12. A filter for trapping and combusting diesel exhaust particulates comprising a microwave-absorbing filter body formed from a refractory oxide ceramic material having a large loss tangent at 2.45 GHz, wherein said refractory oxide ceramic material has a general formula of:
Na1+wZr2P3−wSiwO12
and the value of w is between 1.0 and 2.75.
13. The filter of claim 12 wherein said composition is Na2.5Zr2P1.5Si1.5O12.
14. The filter of claim 12 wherein said composition is Na3Zr2PSi2O12.
Description
CROSS-REFERENCE TO RELATED APPLICATIONS

An application entitled MICROWAVE REGENERATED DIESEL PARTICULATE FILTER AND METHOD OF MAKING THE SAME, filed under Ser. No. 09/583,500 in the names of L. He, G. Merkel, C. Tanner, and D. Wexell and assigned to the same assignee as this application, is directed to a filter for trapping and combusting diesel exhaust particulates comprising a monolithic substrate and a coating of a microwave-absorbing material and a method of making the same.

BACKGROUND OF THE INVENTION

The present invention relates to filters for use in exhaust streams for capturing particulate material. In particular the present invention relates to porous ceramic diesel exhaust filters which can be regenerated by microwave energy.

Recently much interest has been directed towards the diesel engine due to its efficiency, durability and economical aspects. However, diesel emissions have come under attack both in the United States and Europe, for their harmful effects on the environment and on humans. As such, stricter environmental regulations will require diesel engines to be held to the same standards as gasoline engines. Therefore, diesel engine manufacturers and emission-control companies are working to achieve a diesel engine which is faster, cleaner and meets the most stringent of requirements under all operating conditions with minimal cost to the consumer.

One of the biggest challenges in lowering diesel emissions is controlling the levels of diesel particulate material (DPM) present in the diesel exhaust stream. In 1998 DPM was declared a toxic air contaminant by the California Air Resources Board. As mentioned herein above legislation has been passed that regulates the concentration and particle size of DPM pollution originating from both mobile and stationary sources.

DPM which is mainly carbon particulates, is also known as soot. One way of removing diesel soot from the diesel exhaust is through diesel traps. The most widely used diesel trap is the diesel particulate filter (DPF) which is used to capture the soot. The DPF is designed to provide for nearly complete filtration of the soot without hindering the exhaust flow. However, as diesel soot accumulates, exhaust flow becomes increasingly difficult and the DPF must either be replaced or the accumulated diesel soot must be cleaned out. Cleaning the accumulated diesel soot from the DPF is achieved via burning-off or oxidation to CO2 and is known in the art as regeneration. Regeneration is considered to be a superior approach over DPF replacement since no interruption for service is necessary.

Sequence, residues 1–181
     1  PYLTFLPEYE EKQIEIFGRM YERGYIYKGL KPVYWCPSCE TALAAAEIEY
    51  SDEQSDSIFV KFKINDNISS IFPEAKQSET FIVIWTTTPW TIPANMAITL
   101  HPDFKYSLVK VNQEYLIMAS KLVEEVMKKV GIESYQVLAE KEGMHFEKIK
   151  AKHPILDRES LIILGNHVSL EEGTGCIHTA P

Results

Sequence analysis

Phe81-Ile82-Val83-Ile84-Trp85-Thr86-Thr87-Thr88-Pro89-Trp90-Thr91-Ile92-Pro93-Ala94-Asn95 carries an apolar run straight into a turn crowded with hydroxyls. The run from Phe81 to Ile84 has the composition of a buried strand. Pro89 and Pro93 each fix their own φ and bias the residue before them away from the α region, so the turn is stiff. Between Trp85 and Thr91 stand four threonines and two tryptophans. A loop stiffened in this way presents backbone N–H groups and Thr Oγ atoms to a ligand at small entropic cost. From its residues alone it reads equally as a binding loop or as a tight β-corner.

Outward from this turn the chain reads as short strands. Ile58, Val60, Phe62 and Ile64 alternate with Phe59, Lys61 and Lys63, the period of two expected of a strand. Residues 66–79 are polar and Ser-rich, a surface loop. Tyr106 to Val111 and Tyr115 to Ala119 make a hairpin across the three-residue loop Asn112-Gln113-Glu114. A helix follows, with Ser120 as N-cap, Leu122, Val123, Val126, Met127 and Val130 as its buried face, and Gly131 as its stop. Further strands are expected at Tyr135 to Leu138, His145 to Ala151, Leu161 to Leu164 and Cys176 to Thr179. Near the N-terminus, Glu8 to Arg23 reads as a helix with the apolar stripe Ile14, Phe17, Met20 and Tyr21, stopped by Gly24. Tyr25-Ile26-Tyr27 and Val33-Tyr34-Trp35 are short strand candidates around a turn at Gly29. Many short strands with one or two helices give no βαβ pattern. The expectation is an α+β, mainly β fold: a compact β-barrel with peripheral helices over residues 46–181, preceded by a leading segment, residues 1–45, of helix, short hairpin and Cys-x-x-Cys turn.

The regeneration process can be either passive or active. In a passive system, regeneration occurs when the DPF becomes so filled with carbon particulates that heat accumulated in the exhaust system due to excessive back pressure raises the temperature of the carbon to a point where it ignites. This design can result in thermal shock or melt down of the filter, high fuel penalty and poor filtering action. Active regeneration is considered to be a superior approach over passive regeneration. In an active system, heat required to initiate combustion of the soot is generated by an outside source. Electrical power, fuel burners and microwave energy have all been studied as heat sources. Microwave energy is considered to be a superior approach over electrical power and fuel burners because it is highly efficient cost- and energy-wise.

Microwave regeneration has been addressed, for example in U.S. Pat. No. 5,087,272 (Nixdorf) which discloses a microwave regenerated filter made of single crystal silicon carbide whiskers which are consolidated into a preform of cylindrical configuration or into a thin layer such as a paper, which is then folded into a multicellular form. A problem associated with the proposed filter is that it is labor intensive and time consuming to manufacture, and hence not adaptable to high efficiency production methods.

Standard commercially available filters are made of cordierite (2MgO-2Al2O3-5SiO2). However, cordierite is transparent to microwaves and is not regenerable upon exposure to microwave energy.

Therefore a need exists for a filter for trapping and combusting particulates from a diesel exhaust stream which can undergo regeneration by microwave energy and which can be manufactured according to high efficiency production methods (i.e., extrusion), while at the same time exhibiting a high filtration efficiency.

It is the purpose of the present invention to provide such a filter.

SUMMARY OF THE INVENTION

The present invention provides a filter for trapping and combusting diesel exhaust particulates comprising a microwave-absorbing filter body formed from a refractory oxide ceramic material having a loss tangent which decreases with increasing temperature, such that upon exposure to a microwave source the temperature of the filter as a function of time reaches an equilibrium at about 1100° C., and preferably around 900-1000° C.